FIJI, FEETEE, or VIII ISLANDS, an archipelago of about 312 islands in the southern Pacific ocean, situated in lat. to 20° 30' 5., and long. 177° to 178° west. The group,. which has a total area of 8,034 sq.m., almost equal to that of Wales, was discovered in 1646 by the Dutch navigator Tasman. The largest of the group, Viti-levu, or Big Viti,. has an arei of 4,479 sq.m. ; Vanua-levu, of 2,486 sq.m.; and all the other islands together, of 1069 sq. miles. The islands are of volcanic origin, and although there are no longer any active volcanoes, yet hot springs, numerous earthquakes, and other signs testify that the subterranean forces are not quite extinct. They are all coral-girt; and to the approaching navigator appear clothed to their very summits with a dense and luxuriant vegetation. The surface is generally hilly, and the soil, owing to the abundant rain, is very productive. The windward sides of the islands are covered with thick forests,, while to the leeward we see a grassy country dotted .here and there with screw-pines.. The most important river is the Kailevu, in the island of Vanua-levu, navigable for 60 in. from its mouth ; the others are comparatively insignificant. The climate is extremely fine, and the country is said to be exceedingly healthy. The mean annual temperature is about 80° F., and the heat is tempered by the trade and other winds. Hurricanes, though rarely, do sometimes occur. In 1866, two severe storms burst over the entire group, doing great damage to the plantations.
The natural productions of Fiji or Viti are of the most varied description, and the vegetation is, on the whole, of a tropical nature. The mountain districts are well adapted to the growth of coffee; and though the coffee plantations were destroyed by the cyclone of 1866, the injury has been repaired, and the produce is again very consid erable. Of late years, the European settlers have seriously begun the cultivation of the sugar-cane, which grows wild on the islands; and tobacco is raised in sufficient quanti ties for the consumption of the inhabitants, who are great smokers. There are many
plants yielding oil and fat, of which the most important is the cocoa-nut palm. From 400 to 700 tons of the oil obtained from it are annually contributed to the missionaries by the natives. Of cotton, which was introduced into the islands some time ago, 650 cwt. were exported in 1864; 5,880 cwt. iu 1866; and in 1873 about 14,000 cwt.; but in the last year the quality was considerably inferior. The staple article of food is the yam, by the ripening season of which the natives regulate their calendar, and which frequently attains the length of 8 ft., with a weight of 100 pounds. In other articles of vegetable diet, and especially in edible fruits, Viti is remarkably rich. Among the lat ter may be instanced bananas, plantains, the bread-fruit, oranges, shaddocks, the guayava, and pine-apples. Timber of excellent quality abounds, suitable both for house and ship building. There are few animals in Viti; the live-stock of the natives consisting of the pig, the dog, and fowls. Sheep have been lately introduced, and promise to thrive fairly. Fish are numerous, both in the sea and rivers, and the trepang, or beche-de-mer fisheries, are carried on with vigor along the northern coast of Vanua-levu. Of the mineral resources of Viti we know little; copper and antimony are, however, said to exist.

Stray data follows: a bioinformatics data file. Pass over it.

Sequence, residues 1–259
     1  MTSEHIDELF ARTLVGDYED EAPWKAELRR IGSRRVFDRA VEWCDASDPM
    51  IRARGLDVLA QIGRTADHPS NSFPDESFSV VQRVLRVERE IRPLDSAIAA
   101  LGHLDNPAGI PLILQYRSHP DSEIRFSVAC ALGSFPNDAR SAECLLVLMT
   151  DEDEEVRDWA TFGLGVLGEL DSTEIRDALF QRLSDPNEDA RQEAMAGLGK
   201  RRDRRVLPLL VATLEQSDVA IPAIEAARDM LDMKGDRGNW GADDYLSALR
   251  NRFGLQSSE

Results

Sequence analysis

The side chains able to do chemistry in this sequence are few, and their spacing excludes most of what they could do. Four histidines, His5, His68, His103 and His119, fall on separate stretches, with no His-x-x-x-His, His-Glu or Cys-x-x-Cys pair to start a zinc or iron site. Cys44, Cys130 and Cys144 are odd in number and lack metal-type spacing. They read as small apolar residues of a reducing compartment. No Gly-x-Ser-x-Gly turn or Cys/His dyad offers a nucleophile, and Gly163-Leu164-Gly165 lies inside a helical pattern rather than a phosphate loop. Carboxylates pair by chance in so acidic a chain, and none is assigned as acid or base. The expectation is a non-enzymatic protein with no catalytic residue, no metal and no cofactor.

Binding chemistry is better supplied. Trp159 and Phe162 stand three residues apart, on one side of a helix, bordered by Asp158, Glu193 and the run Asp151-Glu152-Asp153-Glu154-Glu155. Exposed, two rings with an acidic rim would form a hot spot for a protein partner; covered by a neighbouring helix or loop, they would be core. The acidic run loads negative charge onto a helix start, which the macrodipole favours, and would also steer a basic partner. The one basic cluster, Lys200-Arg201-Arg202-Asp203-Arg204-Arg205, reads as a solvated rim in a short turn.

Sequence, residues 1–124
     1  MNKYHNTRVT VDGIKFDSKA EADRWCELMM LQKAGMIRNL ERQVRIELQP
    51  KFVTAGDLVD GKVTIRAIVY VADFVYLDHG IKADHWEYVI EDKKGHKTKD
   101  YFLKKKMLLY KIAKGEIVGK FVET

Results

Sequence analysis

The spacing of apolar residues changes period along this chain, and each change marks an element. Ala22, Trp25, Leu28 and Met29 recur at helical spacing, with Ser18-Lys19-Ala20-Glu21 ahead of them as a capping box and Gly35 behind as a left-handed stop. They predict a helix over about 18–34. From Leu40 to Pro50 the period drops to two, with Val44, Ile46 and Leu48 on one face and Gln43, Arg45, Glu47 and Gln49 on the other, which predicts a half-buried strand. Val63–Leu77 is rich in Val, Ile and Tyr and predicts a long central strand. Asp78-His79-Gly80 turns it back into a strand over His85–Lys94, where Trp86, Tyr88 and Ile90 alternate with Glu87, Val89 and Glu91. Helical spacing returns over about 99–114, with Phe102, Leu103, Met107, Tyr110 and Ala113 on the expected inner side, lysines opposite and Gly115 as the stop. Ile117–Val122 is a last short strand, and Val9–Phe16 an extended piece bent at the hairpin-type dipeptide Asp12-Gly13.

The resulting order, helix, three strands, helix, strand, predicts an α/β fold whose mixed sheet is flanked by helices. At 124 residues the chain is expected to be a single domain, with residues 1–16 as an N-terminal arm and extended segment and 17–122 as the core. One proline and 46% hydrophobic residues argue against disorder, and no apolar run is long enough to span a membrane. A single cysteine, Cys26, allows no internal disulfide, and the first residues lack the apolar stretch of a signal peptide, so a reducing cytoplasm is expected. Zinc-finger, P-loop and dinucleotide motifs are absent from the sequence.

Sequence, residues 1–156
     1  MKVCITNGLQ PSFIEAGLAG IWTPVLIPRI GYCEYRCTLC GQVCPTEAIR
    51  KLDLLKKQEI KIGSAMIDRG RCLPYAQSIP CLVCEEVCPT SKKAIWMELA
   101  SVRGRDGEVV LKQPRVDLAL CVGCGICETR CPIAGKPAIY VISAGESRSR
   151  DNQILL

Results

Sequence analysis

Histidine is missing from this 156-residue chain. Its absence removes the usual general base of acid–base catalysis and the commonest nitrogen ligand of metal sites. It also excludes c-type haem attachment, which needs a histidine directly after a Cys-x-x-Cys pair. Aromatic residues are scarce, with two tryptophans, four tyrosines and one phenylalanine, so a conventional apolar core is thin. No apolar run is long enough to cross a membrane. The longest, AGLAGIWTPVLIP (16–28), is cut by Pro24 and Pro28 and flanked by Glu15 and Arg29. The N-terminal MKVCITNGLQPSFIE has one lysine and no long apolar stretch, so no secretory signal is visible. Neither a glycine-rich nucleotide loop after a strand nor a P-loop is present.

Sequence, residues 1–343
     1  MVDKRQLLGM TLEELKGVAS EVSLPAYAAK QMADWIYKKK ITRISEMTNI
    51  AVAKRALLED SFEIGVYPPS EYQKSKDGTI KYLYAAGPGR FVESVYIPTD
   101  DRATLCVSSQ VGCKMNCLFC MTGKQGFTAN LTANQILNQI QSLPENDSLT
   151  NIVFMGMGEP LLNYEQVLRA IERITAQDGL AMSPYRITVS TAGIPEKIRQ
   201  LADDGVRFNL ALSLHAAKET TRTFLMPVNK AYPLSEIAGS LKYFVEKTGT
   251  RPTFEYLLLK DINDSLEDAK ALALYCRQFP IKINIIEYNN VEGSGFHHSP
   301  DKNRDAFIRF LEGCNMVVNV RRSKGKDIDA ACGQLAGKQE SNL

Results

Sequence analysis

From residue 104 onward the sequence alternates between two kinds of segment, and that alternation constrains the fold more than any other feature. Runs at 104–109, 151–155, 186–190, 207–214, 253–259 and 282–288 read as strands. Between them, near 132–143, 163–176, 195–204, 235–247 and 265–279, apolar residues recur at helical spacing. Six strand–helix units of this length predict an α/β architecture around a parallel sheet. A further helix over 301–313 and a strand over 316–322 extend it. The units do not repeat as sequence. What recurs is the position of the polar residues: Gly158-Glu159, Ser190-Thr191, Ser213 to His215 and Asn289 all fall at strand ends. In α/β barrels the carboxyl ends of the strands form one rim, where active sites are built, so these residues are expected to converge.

The export trade of the islands has not been commensurate with their vast natural wealth. The value of exports in 1864 amounted to £19,800; in 1867, to £39,960; and in 1877, to £140,893; the imports for 1877 were £134,688 Cotton, cocoa-nut oil, tortoise shell, and wool are the chief exports; while the imports embrace Manchester goods, iron-niongery, cutlery, wine, beer, spirits, groceries, etc. There are excellent harbors, among which that of Levuka, the chief town, situated on Ovalau, lately provided with a light-house, is the most important.